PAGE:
News…

CHARLESTON, W.Va. – The Records Management and Preservation Board (RMPB) has awarded $411,014 in grant funds to 36 West Virginia county commissions for records management and preservation projects. The Board reviewed submissions and made its recommendations in January for projects to improve management, storage conditions, accessibility and preservation of public records held in county offices. Following official letters announcing the successful grants, RMPB staff will provide technical assistance in setting up the grant projects, which officially begin with the new fiscal year (July 1, 2018). A complete list of recipients is attached.

The RMPB was created by the West Virginia Legislature in 2000 to develop a system of records management and preservation for county governments. Funding for the grants program comes from filing fees collected by county clerks and deposited in the special Public Records and Preservation Account. Applications for the next grant cycle will be available Sept. 1, 2018.

For more information about the Records Management and Preservation Board’s annual grant program or the work of the RMPB, contact Denise Ferguson, county records archivist, West Virginia Archives and History, at (304) 558-0230 ext. 150 or [email protected] or by mail at Records Management and Preservation Board, West Virginia Division of Culture and History, 1900 Kanawha Boulevard East, Building 9, Charleston, WV 25305-0300. Information can be accessed electronically at www.wvculture.org/history/rmpb/rmpb.html.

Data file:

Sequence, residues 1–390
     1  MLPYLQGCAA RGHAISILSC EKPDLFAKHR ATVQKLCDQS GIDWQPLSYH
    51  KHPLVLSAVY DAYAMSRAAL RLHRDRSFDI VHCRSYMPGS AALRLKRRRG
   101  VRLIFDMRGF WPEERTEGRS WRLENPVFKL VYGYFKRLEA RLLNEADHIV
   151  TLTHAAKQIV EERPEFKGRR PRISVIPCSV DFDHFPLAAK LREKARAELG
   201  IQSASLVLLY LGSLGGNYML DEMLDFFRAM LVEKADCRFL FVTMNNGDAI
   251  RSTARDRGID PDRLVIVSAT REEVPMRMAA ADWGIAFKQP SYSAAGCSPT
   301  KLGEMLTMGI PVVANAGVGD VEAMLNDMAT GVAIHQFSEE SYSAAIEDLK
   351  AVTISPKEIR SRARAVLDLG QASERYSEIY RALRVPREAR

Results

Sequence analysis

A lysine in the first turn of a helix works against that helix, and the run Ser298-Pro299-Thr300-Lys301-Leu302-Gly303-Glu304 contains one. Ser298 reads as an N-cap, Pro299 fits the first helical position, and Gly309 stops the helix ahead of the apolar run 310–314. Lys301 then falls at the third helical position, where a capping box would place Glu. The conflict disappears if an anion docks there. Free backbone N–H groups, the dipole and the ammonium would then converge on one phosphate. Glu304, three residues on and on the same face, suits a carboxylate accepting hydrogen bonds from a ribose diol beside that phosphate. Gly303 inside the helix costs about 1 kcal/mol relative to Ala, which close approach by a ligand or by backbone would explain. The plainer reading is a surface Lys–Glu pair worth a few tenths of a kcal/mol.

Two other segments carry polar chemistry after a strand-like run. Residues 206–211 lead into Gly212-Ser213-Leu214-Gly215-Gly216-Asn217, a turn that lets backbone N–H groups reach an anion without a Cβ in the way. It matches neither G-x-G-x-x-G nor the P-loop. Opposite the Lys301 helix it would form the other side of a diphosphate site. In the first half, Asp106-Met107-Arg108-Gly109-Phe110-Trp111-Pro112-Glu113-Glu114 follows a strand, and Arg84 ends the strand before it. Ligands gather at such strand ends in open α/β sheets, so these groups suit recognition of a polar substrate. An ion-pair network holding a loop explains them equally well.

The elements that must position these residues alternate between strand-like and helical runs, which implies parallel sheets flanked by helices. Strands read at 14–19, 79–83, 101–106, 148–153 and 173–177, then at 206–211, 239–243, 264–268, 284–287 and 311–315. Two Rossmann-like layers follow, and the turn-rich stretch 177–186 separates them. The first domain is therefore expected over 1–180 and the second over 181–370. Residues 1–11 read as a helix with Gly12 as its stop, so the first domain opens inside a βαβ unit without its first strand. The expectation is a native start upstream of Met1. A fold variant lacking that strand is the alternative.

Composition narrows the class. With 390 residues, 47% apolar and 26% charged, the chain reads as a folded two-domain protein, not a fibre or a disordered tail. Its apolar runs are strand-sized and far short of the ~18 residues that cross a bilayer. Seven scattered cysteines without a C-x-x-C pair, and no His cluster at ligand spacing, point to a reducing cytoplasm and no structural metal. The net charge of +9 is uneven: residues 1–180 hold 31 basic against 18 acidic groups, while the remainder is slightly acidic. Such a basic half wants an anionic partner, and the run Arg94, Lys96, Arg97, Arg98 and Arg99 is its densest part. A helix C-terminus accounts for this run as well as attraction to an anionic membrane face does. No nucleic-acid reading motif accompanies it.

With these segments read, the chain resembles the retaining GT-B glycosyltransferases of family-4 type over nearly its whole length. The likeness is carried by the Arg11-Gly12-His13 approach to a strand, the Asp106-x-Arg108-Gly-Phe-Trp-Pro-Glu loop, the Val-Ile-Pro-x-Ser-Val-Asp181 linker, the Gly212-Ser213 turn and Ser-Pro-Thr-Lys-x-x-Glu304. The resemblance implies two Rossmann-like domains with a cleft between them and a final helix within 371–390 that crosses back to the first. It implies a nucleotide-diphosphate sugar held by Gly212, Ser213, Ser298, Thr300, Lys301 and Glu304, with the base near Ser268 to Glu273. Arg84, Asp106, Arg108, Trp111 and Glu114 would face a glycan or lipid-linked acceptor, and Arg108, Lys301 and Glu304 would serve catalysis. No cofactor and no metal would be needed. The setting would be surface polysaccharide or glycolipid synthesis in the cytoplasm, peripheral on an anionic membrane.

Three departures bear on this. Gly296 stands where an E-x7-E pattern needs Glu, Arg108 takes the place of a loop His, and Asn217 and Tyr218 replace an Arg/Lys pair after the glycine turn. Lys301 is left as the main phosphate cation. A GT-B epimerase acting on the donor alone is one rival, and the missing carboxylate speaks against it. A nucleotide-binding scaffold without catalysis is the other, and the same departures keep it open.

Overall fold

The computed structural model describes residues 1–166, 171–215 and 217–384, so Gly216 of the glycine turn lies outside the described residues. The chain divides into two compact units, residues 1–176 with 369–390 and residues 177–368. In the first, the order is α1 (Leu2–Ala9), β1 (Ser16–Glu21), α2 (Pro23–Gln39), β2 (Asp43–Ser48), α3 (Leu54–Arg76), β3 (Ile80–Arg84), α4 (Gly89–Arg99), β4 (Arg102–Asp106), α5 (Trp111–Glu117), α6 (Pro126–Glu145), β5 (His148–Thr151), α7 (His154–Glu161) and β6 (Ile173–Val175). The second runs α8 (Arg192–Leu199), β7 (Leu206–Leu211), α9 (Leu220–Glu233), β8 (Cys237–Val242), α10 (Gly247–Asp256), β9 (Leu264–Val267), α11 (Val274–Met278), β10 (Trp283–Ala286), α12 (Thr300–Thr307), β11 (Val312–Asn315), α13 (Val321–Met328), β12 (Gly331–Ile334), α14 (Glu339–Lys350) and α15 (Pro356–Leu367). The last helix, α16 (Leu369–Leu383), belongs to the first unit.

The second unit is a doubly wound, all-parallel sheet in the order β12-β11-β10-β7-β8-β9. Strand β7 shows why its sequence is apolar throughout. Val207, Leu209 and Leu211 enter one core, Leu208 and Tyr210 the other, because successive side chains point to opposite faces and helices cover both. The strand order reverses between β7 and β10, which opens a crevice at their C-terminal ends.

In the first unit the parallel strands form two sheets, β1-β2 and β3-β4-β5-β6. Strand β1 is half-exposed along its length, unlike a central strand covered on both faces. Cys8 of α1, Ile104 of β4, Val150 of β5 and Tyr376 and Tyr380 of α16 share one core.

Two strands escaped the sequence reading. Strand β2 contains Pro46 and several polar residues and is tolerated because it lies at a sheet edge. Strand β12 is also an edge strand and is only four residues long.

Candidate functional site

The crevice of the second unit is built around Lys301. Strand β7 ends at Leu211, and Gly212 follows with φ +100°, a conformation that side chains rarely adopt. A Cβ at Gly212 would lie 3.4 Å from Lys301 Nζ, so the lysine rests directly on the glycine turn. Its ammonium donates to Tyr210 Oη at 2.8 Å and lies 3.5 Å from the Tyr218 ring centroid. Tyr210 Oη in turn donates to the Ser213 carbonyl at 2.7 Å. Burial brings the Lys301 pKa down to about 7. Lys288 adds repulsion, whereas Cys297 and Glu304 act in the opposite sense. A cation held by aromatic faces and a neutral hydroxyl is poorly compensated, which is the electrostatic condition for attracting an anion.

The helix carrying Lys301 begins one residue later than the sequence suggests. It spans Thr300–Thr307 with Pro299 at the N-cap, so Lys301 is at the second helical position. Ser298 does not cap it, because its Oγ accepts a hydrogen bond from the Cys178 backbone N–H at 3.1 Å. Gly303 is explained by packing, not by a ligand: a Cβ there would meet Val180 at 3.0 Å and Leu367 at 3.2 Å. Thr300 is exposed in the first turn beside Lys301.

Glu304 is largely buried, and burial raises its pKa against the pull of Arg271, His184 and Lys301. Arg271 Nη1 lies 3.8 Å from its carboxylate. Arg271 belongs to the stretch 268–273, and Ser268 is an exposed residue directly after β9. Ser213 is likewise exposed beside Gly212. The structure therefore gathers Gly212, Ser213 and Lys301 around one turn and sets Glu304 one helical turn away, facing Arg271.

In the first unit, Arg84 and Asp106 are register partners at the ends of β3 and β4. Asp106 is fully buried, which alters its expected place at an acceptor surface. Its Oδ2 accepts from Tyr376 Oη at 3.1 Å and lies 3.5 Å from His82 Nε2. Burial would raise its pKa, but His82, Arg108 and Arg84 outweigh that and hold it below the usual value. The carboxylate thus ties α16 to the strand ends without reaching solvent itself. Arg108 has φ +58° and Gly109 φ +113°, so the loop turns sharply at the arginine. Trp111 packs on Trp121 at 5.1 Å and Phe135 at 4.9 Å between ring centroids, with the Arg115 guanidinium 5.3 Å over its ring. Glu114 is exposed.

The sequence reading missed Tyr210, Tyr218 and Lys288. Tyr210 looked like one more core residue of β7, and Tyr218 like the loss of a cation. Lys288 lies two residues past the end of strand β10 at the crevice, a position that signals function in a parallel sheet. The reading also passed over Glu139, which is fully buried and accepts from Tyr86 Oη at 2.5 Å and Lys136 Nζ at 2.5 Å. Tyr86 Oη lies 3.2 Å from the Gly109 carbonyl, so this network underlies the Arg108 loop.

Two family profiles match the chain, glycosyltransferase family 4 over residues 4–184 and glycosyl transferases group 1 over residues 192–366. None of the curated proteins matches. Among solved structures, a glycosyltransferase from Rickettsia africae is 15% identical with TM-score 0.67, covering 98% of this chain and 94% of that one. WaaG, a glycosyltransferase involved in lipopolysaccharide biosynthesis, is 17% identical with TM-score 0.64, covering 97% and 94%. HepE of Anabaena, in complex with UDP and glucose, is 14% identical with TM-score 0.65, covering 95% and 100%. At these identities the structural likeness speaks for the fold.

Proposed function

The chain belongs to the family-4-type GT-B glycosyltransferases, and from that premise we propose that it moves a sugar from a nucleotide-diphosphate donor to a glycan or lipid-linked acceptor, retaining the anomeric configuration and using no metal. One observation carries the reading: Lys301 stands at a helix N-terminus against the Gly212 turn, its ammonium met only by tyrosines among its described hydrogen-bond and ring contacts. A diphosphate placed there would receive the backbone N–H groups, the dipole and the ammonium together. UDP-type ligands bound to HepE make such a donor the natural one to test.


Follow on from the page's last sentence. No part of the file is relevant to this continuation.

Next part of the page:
The West Virginia Division of Culture and History is an agency within the Office of Secretary of Education and the Arts with Gayle Manchin, cabinet secretary. The division, led by Commissioner Randall Reid-Smith, brings together the past, present and future through programs and services focusing on archives and history, arts, historic preservation and museums. For more information about the division’s programs, events and sites, visit www.wvculture.org. The Division of Culture and History is an Equal Opportunity/Affirmative Action Employer.

RMPB Grant Recipients for Fiscal Year July 1, 2018 – June 30, 2019:

Barbour County Commission, $4,000 to digitize oil and gas and deed books, including their indices, and to purchase a color document scanner for the county clerk’s office.
Berkeley County Council, $8,636 to purchase canvas covers for deed and will books in the county clerk’s office, and to index digital images of case files in the circuit clerk’s office.
Boone County Commission, $6,364 for personnel costs to scan and index felony case files, and to purchase a high-volume micro-cut shredder for the prosecuting attorney’s office. 
Braxton County Commission, $13,363 to purchase a color document scanner for the county clerk’s office, and to digitize chancery case files in the circuit clerk’s office.
Calhoun County Commission, $9,364 to digitize will, release, trust deed, and marriage books, and to index these books once they are scanned.
Doddridge County Commission, $12,710 to purchase roller shelving for deed and lease books, to encapsulate and recover release and land books, and for personnel costs to index deed and lease books in the county clerk’s office.
Fayette County Commission, $22,723 to purchase moveable track shelving for the circuit clerk’s office, and for personnel costs to index deed books digitized by the RMPB Statewide Preservation Project in the county clerk’s office.    
Grant County Commission, $6,510 to digitize trust deed, fiduciary, deed, and release books in the county clerk’s office.  
Hampshire County Commission, $4,409 to digitize, rebind, and encapsulate the earliest will and estate settlement books in the county clerk’s office.
Hardy County Commission, $18,519 to create an online index for digitized deed and trust deed indices in the county clerk’s office, and to digitize land books in the assessor’s office. 
Harrison County Commission, $10,000 to digitize the assessor’s copies of land books in the county clerk’s office.
Jackson County Commission, $3,745 to purchase a color document scanner for the county clerk’s office.